Nine thousand years ago people played games similar to Bocce. Polished round stone balls with evident signs of having been rolled on the ground were found in Çatalhöyük, modern Turkey, and in an Egyptian tomb dated 3500 b.C. The Greeks played Bocce andHippocrates, the father of western medicine, considered it a healthy activity for the young and old. But it was the Romans that made it famous throughout the Empire. They invented wooden Bocce, cheaper and easier to make and to carry around. Emperor Augustus had a personal set made out of fine olive tree roots.
All this happiness bothered some aristocrats who did their best to ban it. Among them, French kings Charles IV in 1319 and Charles V in 1369, followed by the English kings Richard II in 1388, Henry IV in 1401, and Henry VIII, the king who had six wives, divorced two and had two beheaded.
Strangely enough, more somber people like Martin Luther (1483–1546), the German monk credited with initiating the Protestant Reformation, and John Calvin (1509-1564), the founder of Calvinism, found Bocce a fantastic game. According to legend, Sir Francis Drake refused to set out to defend England against the Spanish Armada until he finished a Bocce game, and we find Bocce in Rabelais’ novels, in Shakespeare's Richard II, in Peter Bruegel the Elder's paintings.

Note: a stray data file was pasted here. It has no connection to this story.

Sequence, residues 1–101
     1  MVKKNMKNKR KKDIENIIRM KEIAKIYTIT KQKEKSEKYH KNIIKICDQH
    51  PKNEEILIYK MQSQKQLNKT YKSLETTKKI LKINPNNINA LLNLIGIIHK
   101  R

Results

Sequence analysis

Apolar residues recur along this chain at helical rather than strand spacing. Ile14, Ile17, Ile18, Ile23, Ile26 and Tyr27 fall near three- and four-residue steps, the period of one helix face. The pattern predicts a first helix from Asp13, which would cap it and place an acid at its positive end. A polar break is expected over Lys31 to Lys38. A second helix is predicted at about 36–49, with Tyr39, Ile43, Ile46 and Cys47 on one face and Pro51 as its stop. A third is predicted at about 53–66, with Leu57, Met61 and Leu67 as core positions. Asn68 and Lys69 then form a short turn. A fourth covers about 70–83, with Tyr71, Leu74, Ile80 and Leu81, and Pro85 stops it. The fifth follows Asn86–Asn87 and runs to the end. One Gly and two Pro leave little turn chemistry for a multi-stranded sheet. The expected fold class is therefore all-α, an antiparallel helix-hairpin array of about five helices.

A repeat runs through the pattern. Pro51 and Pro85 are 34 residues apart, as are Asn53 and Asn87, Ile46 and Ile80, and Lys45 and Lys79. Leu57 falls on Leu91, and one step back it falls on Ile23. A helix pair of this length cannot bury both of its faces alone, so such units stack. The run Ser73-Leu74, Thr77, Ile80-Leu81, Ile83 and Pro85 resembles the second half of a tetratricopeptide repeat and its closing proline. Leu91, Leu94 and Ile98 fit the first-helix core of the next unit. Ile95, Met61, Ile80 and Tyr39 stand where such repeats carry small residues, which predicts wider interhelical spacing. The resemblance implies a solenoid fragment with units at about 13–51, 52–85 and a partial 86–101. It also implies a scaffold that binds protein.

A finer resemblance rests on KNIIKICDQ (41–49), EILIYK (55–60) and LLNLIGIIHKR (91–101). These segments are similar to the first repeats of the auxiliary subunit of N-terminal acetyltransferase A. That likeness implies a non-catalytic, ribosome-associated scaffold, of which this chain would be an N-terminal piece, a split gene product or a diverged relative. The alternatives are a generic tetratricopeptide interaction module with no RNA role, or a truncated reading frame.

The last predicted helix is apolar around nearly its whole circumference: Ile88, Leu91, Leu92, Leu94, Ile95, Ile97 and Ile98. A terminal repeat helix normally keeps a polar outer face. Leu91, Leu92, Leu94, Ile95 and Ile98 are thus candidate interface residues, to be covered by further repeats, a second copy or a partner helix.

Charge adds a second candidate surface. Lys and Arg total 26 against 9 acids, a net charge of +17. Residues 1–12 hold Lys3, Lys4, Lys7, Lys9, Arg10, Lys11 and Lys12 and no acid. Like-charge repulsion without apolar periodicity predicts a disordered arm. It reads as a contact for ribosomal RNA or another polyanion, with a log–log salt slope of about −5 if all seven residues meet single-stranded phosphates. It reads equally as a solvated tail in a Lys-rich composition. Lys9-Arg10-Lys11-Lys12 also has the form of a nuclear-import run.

You can find courts almost everywhere but you can also play it on lawns, on the beach, wherever you find a leveled field. All you need is 8 colored balls, in two different colors or four different colors, and a pallino (smaller ball).
Wednesday, August 21, 2013
INGREDIENTI: 1 spicchio di aglio, 500 g di cozze, olio extravergine di oliva, pepe nero qb, prezzemolo tritato, vino vermentino di Gallura, 200 g pomodori
PREPARAZIONE Pulite le cozze eliminando il bisso. Cuocetele in un tegame con il vino bianco e fatele aprire a fuoco vivo. Tritate l’aglio e rosolatelo nell’olio; aggiungete i pomodorini tagliati a cubetti, unite le cozze e il loro sughetto e fate saltare il tutto. Aggiungete per ultimo il prezzemolo e il pepe macinato al momento. Disponete il letto di pane carasau e aiutandovi con un cucchiaio versate le cozze con i pomodori.